If there’s a catchphrase likely to fit our college basketball scene like a glove next month, that would have to be it.
Barring a miraculous conference tournament run by one of the teams in our coverage area — as if that’s going to happen — the NCAA Tournament will go on with nary a thought for Northwestern, DePaul, Notre Dame, etc.
Our neck of the woods: the college game’s dark side of the moon.
And yet — oh, baby — there’s a chance, and a real one, that Illinois’ season won’t end as soon as the Illini are bounced from the Big Ten tourney.
A week ago, Illinois athletic director Mike Thomas strongly indicated to the Sun-Times that the Illini will compete in the postseason CBI tournament if they’re extended an invitation in March.
“Unless there was some unforeseen circumstance, which I don’t see at this point, we would,” Thomas said.
We know what you’re thinking: The C-B-who?
The College Basketball Invitational. If you don’t remember where you were when Santa Clara won at George Mason to claim the 2013 CBI title, don’t beat yourself up. We don’t remember it ourselves. Chances are, no one in Champaign does, either.
If the Illini — 15-12 overall and a measly 4-10 in Big Ten action — are willing to reach into the abyss that is a largely (completely?) overlooked tourney for their “one shining moment,” so what? Good for them.
On Tuesday, a spokesman for the CBI called Thomas’ words a “compliment” to the tournament and indicated that Illinois still has a realistic shot at an invite.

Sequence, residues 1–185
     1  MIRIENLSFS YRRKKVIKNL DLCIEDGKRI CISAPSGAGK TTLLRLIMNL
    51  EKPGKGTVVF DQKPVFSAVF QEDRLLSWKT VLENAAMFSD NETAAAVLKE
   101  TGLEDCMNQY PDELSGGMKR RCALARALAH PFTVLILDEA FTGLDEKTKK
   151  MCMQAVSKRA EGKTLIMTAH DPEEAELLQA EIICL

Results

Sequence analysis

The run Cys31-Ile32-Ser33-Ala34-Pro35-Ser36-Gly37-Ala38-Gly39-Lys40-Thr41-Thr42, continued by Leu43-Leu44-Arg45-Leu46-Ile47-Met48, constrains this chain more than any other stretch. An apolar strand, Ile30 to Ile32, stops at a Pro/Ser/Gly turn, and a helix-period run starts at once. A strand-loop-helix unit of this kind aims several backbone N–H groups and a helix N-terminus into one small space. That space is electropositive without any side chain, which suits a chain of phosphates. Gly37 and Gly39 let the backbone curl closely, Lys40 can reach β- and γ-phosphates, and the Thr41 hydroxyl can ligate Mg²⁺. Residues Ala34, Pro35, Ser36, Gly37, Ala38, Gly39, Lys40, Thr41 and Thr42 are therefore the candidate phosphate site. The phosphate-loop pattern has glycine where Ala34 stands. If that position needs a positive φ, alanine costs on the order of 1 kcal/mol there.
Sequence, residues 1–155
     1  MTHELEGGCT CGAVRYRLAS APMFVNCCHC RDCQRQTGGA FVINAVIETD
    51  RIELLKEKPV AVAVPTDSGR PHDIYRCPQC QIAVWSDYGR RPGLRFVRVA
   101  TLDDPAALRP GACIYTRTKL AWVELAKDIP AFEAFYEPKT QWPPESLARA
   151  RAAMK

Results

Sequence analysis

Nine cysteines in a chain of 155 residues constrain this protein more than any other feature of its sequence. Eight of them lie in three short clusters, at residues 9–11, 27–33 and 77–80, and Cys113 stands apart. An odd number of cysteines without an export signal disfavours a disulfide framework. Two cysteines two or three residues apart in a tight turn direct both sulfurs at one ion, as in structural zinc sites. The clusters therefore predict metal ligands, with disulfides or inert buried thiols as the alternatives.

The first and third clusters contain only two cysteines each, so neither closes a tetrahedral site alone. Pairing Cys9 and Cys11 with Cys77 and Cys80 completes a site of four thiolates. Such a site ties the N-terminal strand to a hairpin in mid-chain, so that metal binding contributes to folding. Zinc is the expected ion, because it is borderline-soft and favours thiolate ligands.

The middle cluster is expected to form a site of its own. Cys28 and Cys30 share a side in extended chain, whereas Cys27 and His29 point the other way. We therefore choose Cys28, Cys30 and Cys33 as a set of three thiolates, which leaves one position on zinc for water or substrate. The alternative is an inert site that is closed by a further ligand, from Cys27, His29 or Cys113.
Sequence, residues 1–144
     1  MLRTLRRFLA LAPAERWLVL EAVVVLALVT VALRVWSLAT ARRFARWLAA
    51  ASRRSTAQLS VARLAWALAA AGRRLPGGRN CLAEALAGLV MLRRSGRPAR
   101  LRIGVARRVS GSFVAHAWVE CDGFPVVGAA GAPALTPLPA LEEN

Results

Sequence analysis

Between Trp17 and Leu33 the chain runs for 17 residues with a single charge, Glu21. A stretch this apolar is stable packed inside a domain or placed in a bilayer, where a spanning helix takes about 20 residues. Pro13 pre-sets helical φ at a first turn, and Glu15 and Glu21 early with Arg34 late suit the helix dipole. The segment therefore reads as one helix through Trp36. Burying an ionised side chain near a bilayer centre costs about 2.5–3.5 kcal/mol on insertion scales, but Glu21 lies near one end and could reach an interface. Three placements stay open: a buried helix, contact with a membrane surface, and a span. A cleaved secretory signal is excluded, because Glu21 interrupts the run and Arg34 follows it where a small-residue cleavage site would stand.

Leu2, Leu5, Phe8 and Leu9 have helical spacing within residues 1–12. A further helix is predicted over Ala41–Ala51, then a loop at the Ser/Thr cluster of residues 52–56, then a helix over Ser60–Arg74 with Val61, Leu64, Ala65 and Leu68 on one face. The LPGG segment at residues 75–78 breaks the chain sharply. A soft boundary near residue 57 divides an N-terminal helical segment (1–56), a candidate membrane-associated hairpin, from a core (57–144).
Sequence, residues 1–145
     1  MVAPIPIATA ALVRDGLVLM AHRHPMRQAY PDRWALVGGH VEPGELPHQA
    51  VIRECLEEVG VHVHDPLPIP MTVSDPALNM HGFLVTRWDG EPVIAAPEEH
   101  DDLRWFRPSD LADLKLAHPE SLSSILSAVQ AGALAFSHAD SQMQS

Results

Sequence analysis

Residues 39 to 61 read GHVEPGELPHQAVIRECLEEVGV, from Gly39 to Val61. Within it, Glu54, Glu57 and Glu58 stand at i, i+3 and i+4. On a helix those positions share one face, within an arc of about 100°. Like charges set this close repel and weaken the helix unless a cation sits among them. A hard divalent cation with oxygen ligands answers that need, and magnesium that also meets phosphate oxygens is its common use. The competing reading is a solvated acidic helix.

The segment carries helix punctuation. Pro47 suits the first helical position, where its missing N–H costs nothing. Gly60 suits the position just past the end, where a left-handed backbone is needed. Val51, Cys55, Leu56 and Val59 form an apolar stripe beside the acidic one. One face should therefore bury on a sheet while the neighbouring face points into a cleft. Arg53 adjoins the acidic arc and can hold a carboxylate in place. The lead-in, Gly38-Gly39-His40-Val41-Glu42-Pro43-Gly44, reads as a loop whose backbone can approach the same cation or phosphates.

“I don’t think that’s necessarily a drawback,” a very friendly man named Ray Cella said of the team’s tied-for-last-place conference record. “It’s obviously going to depend on the league, but we’re talking about the Big Ten here.”
Clearly, the Illini need to win more games — starting with Wednesday night’s home date against Nebraska — to get into the CBI, their only realistic hope for postseason basketball. The NCAA tourney could not be more out of the picture. The NIT seems to be all but out of reach, too, given the records of the teams in that event’s recent fields.
The CBI, only six years old, has much less of a track record. Cella told the Sun-Times that, generally speaking, the CBI considers teams that are at least .500 overall with RPI rankings in the top 200 nationally.
Also, the CBI “look[s] for teams that want to continue playing basketball,” Cella said. Many teams with older rosters have passed on CBI invitations, with coaches seeing little to gain for their programs. Coaches with young teams — the Illini have five freshmen in their rotation — often are inclined to seize any opportunity to keep playing, which is how Thomas described John Groce’s mind-set.